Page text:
Mandel School’s Robert Fischer discusses Cleveland’s lead safe ordinance

Progress has been slow three years after Cleveland’s lead safe ordinance was passed. What will it take to move the needle?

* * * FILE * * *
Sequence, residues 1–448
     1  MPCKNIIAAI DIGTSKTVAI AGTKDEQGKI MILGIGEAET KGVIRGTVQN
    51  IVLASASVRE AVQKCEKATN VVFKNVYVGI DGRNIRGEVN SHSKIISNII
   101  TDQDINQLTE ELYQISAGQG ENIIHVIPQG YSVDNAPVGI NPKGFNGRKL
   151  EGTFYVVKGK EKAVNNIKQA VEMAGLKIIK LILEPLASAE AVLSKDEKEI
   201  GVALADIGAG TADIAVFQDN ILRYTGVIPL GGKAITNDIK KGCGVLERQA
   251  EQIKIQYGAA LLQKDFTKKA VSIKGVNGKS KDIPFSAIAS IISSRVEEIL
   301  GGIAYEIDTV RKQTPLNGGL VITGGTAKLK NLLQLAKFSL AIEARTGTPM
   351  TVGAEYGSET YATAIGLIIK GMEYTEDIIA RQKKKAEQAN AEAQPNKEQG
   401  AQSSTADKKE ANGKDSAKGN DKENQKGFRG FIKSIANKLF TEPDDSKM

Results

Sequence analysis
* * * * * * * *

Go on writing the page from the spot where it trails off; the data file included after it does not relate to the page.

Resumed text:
The LandRobert Fischer, associate professor and co-director of the Center on Poverty and Community Development at the Jack, Joseph and Morton Mandel School of Applied Social Sciences, said one of the biggest objections landlords have to Cleveland’s lead safe ordinance is that the financial costs are too high. To bridge this gap, lead safe advocates are offering incentives such as low-interest loans and grants. But at the moment, few landlords are taking advantage of them, and progress on the lead safety initiative has been slow.